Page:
In October 2012, the Carnegie Endowment for International Peace commissioned a survey of perceptions of Stalin in Russia and three South Caucasus states: Armenia, Azerbaijan and Georgia. The results show with startling clarity that, for many, the Soviet tyrant lives on. Of the four post-communist states surveyed, only Azerbaijan (which seems to be more interested these days in emulating Dubai than dwelling on its Soviet past) appears to have set Stalin on a path toward irrelevance: 22 percent said they had no idea who he was. (Among the young this number reached almost forty percent.) In Georgia, by contrast, a shocking 45 percent of the respondents shared a positive view of Stalin — presumably because he remains, as the most famous (and infamous) ethnic Georgian, a powerful nationalist symbol. In Armenia this number was 25 percent, in Azerbaijan it was 21.

Yet Russia is the place where, in many ways, the legacy of Stalinism runs deepest. In the Carnegie survey, conducted Moscow’s respected Levada Center, 42 percent of Russians named Stalin the public figure that has had the most influence on world history — up from just 12 percent back in 1989, at the peak of Gorbachev’s liberalization push. Meanwhile, the number of those who express a positive opinion of Stalin in the Carnegie survey reached 28 percent. To quote the Levada Center’s Gudkov, these figures represent “an astonishing resurgence of Stalin’s popularity in Russia” since the end of the USSR.

There is, however, something curious about this recognition: Traveling around Russia, one would never guess the Russian people believe Stalin is their greatest compatriot. Stalin statues or portraits are nowhere to be found, and there are no streets or cities named after him. For comparison the embalmed body of Lenin, Stalin’s Bolshevik predecessor, is still on display in the mausoleum in Red Square. Lenin’s name and monuments adorn every Russian city. Yet Lenin is slowly slipping into oblivion: During the same period of 1989 to 2012 his popularity dropped from 72 to 37 percent. 

Stalin is a hidden hero, and this status is part of the inherently vague nature of Russia’s post-communist statehood and national identity. Russia does not have a nationally recognized narrative of the origins of the new, post-Soviet Russian state and no consensual perception of its Communist past.

Russian Stalinist groups, Communists, war veterans and others have repeatedly come up with initiatives of paying tribute to Stalin, such as bringing back the name of Stalingrad to the Russian city (now known as Volgograd) where one of the major battles of WWII was fought. Most recently, a Duma deputy has talked about naming a street in Moscow Stalingradskaya (after the battle of Stalingrad). Neither of the two ideas has been fully implemented, but Stalinists can claim some successes in endowing their hero with physical presence. Buses adorned with Stalin’s image have appeared in some Russian cities on Victory Day and other wartime anniversaries.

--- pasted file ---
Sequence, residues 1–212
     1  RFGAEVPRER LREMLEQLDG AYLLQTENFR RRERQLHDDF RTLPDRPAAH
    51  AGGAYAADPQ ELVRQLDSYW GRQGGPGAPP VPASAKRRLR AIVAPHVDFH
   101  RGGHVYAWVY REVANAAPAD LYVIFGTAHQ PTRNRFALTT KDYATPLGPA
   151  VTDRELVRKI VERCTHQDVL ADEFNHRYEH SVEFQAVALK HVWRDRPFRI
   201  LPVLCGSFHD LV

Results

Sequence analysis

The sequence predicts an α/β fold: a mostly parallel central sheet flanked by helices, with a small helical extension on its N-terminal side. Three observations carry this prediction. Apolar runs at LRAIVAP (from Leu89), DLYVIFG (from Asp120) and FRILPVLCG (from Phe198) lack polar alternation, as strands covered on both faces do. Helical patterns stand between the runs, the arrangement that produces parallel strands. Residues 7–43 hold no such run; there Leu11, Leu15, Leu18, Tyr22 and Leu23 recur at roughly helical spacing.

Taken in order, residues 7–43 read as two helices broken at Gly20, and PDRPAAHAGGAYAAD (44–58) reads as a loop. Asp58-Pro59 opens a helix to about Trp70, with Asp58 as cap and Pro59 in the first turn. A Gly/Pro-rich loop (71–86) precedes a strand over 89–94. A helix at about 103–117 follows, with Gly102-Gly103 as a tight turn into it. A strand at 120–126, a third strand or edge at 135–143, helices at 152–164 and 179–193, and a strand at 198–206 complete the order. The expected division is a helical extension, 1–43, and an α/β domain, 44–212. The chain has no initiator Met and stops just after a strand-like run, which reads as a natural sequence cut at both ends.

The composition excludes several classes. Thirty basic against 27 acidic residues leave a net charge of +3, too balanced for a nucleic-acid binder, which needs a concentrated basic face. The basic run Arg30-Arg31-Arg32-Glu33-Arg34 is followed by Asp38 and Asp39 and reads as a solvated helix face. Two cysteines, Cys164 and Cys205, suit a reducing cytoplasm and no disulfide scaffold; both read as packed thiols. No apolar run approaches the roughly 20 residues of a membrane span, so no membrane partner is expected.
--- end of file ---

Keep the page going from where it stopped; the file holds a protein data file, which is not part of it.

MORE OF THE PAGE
In Russia the official discourse on Stalin is evasive, and public perception of him is ambivalent and divisive. Almost half of Russians surveyed agree with the statement that “Stalin was a wise leader who brought power and prosperity to the Soviet Union.” But over half in the same poll believe that Stalin’s acts of repression constituted “a political crime that cannot be justified.” And about two-thirds agree that “for all Stalin’s mistakes and misdeeds, the most important thing is that under his leadership the Soviet people won the Great Patriotic War” (the name Russians give to World War II).

During the six decades since Stalin’s death, the Soviet Union and then post-communist Russia have gone through two and a half phases of de-Stalinization — but though his images are absent from the Russian physical space, Stalin’s  presence can be easily felt in the Russian political order and in state-society relations.

Link: Lost in Space

What really happened to Russia’s missing cosmonauts? An incredible tale of space hacking, espionage and death in the lonely reaches of space.

Midnight, 19 May 1961. A crisp frost had descended on Turin’s city centre which was deserted and deathly silent. Well, almost. Two brothers, aged 20 and 23, raced through the grid-like streets (that would later be made famous by the film The Italian Job) in a tiny Fiat 600, which screamed in protest as they bounced across one cobbled piazza after another at top speed. 

The Fiat was loaded with dozens of iron pipes and aluminium sheets which poked out of windows and were strapped to the roof. The car screeched to a halt outside the city’s tallest block of flats. Grabbing their assorted pipes, along with a large toolbox, the two brothers ran up the stairs to the rooftop. Moments later, the city’s silence was rudely broken once more as they set to work: a concerto of hammering, clattering, sawing and shouting. 

Suddenly, an angry voice rang out; the man who lived on the floor below leant out of the window and screamed: “Will you stop that racket, I’m trying to sleep!” 

One of the young men shouted back “Sorry sir; the Soviets have launched a satellite and we’re trying to intercept it!” 

The brothers finished setting up, grabbed their head-sets, twiddled the knobs on their portable receivers, hit the record button and listened…